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Bitcoin gets wave and pay treatment

Kye White /

Diamond Circle, a Brisbane-based startup that offers debit cards and cashless ATMs for bitcoin, is set to enter the UK and US, forgoing the local market which it claims is lagging.

 

Diamond Circle uses near-field communication technology, like that found in credit cards capable of wave and pay, to allow distributors and merchants to accept bitcoins, and earn commission by accepting bitcoins on purchases, providing cash-out facilities and by selling bitcoin debit cards.

 

Its ATMs are cashless, with users being able to purchase bitcoins using a credit card and sell bitcoins with the profits being placed into a user’s bank account through a direct deposit.

 

Chairman Mike Oswald says Diamond Circle has appointed distribution partners in the UK.

 

“We’re now negotiating bitcoin exchange banking arrangements with a confidential partner in North America,” Oswald says.

 

“We’re moving pay wave to bit wave.”

 

Oswald says not to expect an Australian rollout just yet.

 

“Australia’s taking a wait-and-see approach and I think that’s reflected in the investment community here,’’ he says.

 

Diamond Circle was founded a year ago and is in the process of raising its first round of funding.

 

Oswald says the banking payment system is ripe for disruption.

 

“I think it’s evolving very quickly,’’ he says.

 

“The banking payment system technology for global funds transfer hasn’t changed much for 50 years. Point-to-point transfer of funds in this domain is as revolutionary as the internet was to publishing.”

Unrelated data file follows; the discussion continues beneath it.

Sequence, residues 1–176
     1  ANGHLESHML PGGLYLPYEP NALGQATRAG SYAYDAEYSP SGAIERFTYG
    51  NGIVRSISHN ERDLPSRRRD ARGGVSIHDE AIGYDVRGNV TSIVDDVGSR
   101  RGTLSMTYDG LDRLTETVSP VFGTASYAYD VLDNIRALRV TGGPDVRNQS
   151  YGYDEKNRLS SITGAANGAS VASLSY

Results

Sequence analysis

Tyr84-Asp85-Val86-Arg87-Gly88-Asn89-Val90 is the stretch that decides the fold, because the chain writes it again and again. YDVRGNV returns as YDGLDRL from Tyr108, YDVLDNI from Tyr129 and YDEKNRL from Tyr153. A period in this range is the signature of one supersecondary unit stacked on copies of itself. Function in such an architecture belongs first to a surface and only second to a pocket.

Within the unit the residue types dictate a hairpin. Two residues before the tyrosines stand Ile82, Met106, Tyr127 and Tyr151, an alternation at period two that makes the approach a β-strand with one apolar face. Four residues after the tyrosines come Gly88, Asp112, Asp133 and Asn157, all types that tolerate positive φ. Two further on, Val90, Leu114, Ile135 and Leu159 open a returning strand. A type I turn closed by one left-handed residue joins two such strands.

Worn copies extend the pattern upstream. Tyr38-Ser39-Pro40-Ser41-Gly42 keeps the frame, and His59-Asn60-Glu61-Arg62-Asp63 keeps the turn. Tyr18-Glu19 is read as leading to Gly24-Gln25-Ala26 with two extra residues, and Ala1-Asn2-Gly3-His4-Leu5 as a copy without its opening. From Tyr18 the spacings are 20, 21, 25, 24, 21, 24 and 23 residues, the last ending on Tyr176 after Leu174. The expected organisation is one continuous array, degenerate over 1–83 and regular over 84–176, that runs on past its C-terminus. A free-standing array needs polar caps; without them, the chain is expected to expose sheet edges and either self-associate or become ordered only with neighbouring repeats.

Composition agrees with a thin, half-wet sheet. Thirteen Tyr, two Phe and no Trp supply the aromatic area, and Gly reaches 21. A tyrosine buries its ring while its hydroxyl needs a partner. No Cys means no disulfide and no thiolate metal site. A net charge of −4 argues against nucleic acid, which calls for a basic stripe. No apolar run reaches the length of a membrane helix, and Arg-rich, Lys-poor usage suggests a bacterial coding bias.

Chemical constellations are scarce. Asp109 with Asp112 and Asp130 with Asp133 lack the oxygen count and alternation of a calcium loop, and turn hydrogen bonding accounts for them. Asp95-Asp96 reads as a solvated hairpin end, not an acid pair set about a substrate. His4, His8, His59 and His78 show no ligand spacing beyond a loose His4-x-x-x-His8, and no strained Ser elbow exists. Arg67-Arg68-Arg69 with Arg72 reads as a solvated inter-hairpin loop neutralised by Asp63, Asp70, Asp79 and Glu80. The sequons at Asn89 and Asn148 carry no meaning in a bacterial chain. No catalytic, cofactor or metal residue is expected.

Recently, the company was named on Gartner’s Cool Vendors list for 2014.

 

“It’s certainly a badge of recognition that an Australian company can stand up and be counted amongst the best in technology globally,’’ Oswald says.

 

It’s an interesting time for Australian bitcoin startups with Melbourne-based bitcoin exchange system CoinJar recently launching CoinJar Stories, a series of interviews with ordinary Australians looking at how they’re using bitcoin in their everyday lives.

 

CoinJar has over 22,000 individual and business customers and has processed over $30 million worth of transactions in the last 12 months.

 

CoinJar growth strategist Sam Tate says the company wanted to get away from the complex discussion that often surrounds bitcoin.

 

“We wanted to shift the focus from the tech side of bitcoin to the human side of bitcoin,’’ he says.

 

“There was no resource for everyday people. We wanted to help overcome the uncertainty about what you hear about bitcoin in the news and in the media.

 

“It’s pretty cool. When I first found out about bitcoin it was a curiosity I would enjoy online. Now I can literally by a coffee, buy lunch, buy dinner, buy a beer with bitcoin, and not all from the same place.

 

“I think the idea will impact society, but the brand might not.

 

“I’m pretty optimistic about its potential, but there’s the potential for it to go the way of AOL or something like that.”

 

Australia’s first dedicated bitcoin fund the Future Capital Bitcoin Fund launched earlier this month, it will invest in companies that are leveraging services based on bitcoin and other crypto-currencies.

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Kye White

Kye began his career at a Fairfax daily on the North-West Coast of Tasmania. He has since taken his belongings, and keen interest in technology, to Melbourne. He has a bachelor of Arts majoring in Political Science from the University of Tasmania and a Graduate Diploma in Journalism from RMIT University.

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